Social Security kept more than 26 million Americans out of poverty in 2021, making it the nation's most important antipoverty initiative, according to the Census Bureau. But the Social Security program also ran a $56 billion deficit that same year, so the cost of paying benefits far exceeded funding from payroll tax and interest income.
So what? That deficit took a bite out of the Social Security trust fund (i.e., the source of Social Security benefits), and the Board of Trustees says the problem will persist indefinitely unless changes are made to the program. That means the Social Security trust fund balance will shrink each year until the asset reserves are eventually depleted.
Given the complex nature of the variables involved, it's impossible to predict the exact year of insolvency. But the Board of Trustees believes it will occur between 2031 and 2069, with its best guess being 2035. That means lawmakers in Washington may have less than a decade to find a solution.
Here's what retired workers should know.
The Social Security program won't disappear
Many Americans are worried about the future of Social Security. In fact, 33% of adults not currently receiving benefits believe they will never see a dime from the program.
That particular fear is overblown. Revenue from payroll taxes will cover 80% of scheduled benefits in 2035, even if the trust fund is depleted by that time, according to the Board of Trustees. That means the Social Security program isn't going to disappear.
Social Security is the major source of income for most retired Americans, so a 20% pay cut would still be problematic. But government officials are well aware of the situation, and politicians have already proposed a broad continuum of potential solutions.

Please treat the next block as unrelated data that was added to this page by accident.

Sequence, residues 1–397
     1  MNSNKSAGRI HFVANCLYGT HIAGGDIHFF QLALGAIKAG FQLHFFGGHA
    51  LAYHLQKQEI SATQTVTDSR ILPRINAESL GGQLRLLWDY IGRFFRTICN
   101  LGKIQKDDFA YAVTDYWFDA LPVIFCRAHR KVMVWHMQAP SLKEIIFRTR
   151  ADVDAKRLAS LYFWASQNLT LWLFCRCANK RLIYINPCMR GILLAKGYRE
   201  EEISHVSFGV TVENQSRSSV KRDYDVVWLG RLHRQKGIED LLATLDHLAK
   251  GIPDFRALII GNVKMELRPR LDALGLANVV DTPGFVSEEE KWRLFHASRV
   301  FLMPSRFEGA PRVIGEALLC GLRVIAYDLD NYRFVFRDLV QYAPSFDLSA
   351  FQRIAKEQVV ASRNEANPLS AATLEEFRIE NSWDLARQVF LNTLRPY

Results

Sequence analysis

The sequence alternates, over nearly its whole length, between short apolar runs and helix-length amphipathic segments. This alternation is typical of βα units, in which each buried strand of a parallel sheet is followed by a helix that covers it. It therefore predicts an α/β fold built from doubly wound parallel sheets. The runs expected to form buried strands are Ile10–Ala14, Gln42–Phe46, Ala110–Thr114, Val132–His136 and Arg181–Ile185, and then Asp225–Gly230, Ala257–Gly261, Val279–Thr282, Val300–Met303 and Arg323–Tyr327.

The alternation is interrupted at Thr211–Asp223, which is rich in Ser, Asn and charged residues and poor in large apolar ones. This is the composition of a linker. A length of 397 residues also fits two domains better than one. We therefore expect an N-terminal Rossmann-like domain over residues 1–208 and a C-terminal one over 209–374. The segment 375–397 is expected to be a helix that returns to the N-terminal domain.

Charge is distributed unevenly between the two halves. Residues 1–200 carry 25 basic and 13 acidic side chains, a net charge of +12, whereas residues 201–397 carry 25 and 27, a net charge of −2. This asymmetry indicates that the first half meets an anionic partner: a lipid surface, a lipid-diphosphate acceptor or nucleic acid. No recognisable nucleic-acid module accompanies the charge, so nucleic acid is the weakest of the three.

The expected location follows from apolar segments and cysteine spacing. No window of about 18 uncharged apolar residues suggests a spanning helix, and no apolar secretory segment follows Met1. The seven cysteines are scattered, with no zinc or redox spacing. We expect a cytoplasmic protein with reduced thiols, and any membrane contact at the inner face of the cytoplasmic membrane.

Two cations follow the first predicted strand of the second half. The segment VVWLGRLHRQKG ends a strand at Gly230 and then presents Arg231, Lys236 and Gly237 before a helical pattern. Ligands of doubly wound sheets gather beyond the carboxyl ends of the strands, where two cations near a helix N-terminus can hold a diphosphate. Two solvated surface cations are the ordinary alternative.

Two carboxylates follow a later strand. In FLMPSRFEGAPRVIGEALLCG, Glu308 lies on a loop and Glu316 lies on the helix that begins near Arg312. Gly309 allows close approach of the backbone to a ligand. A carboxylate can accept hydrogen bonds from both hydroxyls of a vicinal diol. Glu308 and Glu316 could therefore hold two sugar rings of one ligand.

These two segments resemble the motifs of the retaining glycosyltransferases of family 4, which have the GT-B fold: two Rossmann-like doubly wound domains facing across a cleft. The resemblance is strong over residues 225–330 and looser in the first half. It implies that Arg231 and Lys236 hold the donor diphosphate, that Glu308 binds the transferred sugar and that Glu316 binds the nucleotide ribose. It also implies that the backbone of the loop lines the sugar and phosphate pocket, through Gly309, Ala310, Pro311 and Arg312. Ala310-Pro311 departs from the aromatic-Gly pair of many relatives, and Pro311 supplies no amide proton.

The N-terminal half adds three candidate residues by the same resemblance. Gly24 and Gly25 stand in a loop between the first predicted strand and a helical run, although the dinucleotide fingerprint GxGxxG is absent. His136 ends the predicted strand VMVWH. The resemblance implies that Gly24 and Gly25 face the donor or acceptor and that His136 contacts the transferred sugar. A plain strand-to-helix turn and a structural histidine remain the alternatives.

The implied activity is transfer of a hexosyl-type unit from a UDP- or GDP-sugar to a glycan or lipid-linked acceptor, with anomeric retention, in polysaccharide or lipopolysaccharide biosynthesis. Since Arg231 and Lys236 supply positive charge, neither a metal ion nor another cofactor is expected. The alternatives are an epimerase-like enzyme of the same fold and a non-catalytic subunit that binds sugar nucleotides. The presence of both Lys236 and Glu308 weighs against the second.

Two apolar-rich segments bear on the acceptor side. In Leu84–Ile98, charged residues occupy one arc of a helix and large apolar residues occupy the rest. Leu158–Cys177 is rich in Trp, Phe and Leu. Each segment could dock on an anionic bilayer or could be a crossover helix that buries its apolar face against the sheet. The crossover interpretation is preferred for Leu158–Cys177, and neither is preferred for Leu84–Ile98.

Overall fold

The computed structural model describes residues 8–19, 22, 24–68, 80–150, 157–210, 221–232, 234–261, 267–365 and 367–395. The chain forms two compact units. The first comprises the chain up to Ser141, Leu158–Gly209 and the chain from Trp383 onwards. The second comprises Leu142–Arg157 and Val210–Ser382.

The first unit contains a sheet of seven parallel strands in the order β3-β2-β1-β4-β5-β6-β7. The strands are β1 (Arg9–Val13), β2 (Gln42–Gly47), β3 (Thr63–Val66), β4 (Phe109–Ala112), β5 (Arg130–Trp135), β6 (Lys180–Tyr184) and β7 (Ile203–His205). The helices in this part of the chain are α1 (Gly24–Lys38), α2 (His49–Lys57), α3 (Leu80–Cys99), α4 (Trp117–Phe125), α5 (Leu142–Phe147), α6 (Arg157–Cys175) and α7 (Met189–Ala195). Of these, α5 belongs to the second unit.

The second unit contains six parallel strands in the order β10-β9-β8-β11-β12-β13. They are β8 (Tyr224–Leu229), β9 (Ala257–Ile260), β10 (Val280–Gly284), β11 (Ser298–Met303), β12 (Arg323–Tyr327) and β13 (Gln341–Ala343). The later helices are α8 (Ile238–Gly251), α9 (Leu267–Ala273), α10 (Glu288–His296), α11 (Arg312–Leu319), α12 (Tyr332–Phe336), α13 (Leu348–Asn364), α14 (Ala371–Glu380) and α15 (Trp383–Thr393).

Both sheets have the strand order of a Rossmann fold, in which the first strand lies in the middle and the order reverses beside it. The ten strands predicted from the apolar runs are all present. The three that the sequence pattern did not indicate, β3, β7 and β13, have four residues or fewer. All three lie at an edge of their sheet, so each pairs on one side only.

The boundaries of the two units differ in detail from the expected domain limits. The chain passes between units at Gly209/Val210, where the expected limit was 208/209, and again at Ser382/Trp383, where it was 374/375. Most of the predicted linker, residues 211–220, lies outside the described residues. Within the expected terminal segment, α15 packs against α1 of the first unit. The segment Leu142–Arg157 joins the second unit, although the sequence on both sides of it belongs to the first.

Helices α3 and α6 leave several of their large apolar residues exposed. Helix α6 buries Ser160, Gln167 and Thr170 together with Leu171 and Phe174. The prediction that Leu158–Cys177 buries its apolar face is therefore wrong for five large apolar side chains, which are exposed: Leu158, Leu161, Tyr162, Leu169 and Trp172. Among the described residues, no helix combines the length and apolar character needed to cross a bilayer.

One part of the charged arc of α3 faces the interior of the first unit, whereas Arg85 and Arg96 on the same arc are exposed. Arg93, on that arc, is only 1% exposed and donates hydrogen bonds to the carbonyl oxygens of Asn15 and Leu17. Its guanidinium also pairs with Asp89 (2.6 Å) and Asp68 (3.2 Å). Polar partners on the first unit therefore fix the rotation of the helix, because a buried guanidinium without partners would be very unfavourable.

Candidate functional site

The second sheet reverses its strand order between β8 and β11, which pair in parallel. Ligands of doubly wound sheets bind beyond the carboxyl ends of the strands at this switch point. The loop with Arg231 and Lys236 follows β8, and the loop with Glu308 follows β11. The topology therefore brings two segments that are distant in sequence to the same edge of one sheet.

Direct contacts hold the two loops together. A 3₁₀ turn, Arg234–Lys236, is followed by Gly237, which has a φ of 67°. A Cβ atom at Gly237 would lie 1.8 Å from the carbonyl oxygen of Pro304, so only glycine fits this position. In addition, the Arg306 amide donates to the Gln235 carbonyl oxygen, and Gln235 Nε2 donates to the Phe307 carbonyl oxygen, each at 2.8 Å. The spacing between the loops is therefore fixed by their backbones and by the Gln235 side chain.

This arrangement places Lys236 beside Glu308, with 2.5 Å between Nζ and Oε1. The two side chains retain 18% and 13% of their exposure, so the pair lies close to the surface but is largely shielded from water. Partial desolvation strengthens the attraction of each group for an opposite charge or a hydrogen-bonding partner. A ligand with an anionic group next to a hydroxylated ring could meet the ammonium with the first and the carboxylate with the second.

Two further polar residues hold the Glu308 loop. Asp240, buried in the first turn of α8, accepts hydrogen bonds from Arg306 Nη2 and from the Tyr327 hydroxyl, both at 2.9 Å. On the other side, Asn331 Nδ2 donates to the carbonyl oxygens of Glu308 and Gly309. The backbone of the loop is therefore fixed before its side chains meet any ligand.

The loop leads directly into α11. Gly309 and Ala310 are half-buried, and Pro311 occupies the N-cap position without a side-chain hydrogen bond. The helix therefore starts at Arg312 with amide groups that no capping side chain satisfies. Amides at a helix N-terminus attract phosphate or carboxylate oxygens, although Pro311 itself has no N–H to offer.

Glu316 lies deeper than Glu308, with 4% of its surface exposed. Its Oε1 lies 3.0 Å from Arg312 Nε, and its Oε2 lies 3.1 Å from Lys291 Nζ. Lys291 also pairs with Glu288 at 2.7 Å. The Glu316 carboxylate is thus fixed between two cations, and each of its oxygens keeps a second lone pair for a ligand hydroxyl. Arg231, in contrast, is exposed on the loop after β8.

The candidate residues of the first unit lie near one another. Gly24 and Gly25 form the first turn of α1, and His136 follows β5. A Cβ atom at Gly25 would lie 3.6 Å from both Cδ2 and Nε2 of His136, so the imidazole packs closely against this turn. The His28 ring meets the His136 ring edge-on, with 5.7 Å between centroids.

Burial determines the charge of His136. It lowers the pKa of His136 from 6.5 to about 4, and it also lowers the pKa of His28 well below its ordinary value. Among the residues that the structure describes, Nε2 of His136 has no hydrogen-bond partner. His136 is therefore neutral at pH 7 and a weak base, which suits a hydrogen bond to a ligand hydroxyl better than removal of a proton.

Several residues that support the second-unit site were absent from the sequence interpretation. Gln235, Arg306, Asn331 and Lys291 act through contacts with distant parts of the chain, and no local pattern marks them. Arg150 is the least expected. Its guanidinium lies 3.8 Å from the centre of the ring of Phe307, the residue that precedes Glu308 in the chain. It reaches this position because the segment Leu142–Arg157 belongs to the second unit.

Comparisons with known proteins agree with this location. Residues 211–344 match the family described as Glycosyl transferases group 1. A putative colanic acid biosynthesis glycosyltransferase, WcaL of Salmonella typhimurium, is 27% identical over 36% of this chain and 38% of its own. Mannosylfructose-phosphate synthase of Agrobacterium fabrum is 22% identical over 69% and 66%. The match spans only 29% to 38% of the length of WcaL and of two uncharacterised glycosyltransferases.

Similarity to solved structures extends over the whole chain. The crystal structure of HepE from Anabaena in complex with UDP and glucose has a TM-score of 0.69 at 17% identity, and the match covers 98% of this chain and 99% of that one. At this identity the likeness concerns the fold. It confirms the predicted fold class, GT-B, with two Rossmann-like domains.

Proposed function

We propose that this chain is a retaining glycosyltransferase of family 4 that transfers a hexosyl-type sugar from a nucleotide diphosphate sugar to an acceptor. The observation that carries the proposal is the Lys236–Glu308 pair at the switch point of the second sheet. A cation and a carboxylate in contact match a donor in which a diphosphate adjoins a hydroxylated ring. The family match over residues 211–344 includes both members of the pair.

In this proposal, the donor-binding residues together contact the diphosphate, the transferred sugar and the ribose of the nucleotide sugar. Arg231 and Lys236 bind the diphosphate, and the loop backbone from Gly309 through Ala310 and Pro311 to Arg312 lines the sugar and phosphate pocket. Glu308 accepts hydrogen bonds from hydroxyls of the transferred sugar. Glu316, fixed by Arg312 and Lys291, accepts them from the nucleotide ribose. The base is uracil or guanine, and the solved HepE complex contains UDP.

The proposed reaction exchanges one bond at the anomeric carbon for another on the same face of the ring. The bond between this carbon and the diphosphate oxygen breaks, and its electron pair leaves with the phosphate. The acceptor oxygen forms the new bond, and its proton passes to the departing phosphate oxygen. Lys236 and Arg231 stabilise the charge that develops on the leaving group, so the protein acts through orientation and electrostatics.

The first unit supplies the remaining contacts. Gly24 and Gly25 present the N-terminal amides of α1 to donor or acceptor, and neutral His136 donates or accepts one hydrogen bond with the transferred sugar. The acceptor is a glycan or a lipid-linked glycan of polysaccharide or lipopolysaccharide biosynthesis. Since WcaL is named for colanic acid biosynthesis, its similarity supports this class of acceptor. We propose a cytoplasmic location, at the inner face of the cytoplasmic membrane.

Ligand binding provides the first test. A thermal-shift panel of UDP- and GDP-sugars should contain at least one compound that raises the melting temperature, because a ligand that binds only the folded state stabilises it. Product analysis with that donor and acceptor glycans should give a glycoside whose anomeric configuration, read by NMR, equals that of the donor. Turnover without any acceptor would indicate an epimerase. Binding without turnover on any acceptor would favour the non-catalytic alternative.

Increasing revenue from payroll taxes could delay trust fund insolvency
Broadly speaking, there are only three ways to avoid trust fund insolvency. The Social Security program can increase revenue, cut costs, or decide on some combination of those two options. Not surprisingly, many politicians would prefer to increase funding rather than cut benefits. While there are multiple ways to do that, the most common proposal involves applying the 12.4% Social Security payroll tax to a greater portion of total income.
For context, the maximum taxable earnings limit is $160,200 in 2023, so any income above that threshold isn't taxed by the Social Security program. According to the Social Security Administration, about 6% of workers make enough money to exceed the taxable limit, and their collective earnings account for roughly 19% of total income in the U.S. In other words, the Social Security payroll tax is currently applied to 81% of all income, leaving room to boost revenue for the program by taxing high earners more heavily.
In 2021, Representative John Larson (D-Conn.) introduced a piece of legislation known as Social Security 2100: A Sacred Trust. Among other changes, the bill proposes applying the 12.4% payroll tax to all earnings above $400,000. But some lawmakers want to be even more aggressive.
For instance, in 2022, Rep. Peter DeFazio (D-Ore.) and Sen. Bernie Sanders (I-Vt.) introduced the Social Security Expansion Act. That piece of legislation would apply the 12.4% payroll tax to all earnings above $250,000.
Both bills would create a doughnut hole between the specified income threshold (i.e. $400,000 or $250,000) and the taxable limit. But that gap would close over time because the taxable limit rises each year to keep pace with changes in general wage levels. In other words, all income would eventually be subject to Social Security payroll tax.
Those changes alone wouldn't solve the problem
According to the Office of the Chief Actuary, if the 12.4% payroll tax was applied to income above $400,000 starting in 2024, trust fund depletion would be delayed until 2048. Similarly, if the 12.4% payroll tax was applied to earnings above $250,000 starting in 2023, trust fund depletion would be delayed until 2063.
Taxing a greater portion of income is a good start, but it wouldn't prevent trust fund insolvency, at least not by itself. Lawmakers will need to take other steps to ensure benefits remain payable in their entirety, and the long-term solution will likely involve a blend of boosting revenue and cost-cutting measures.
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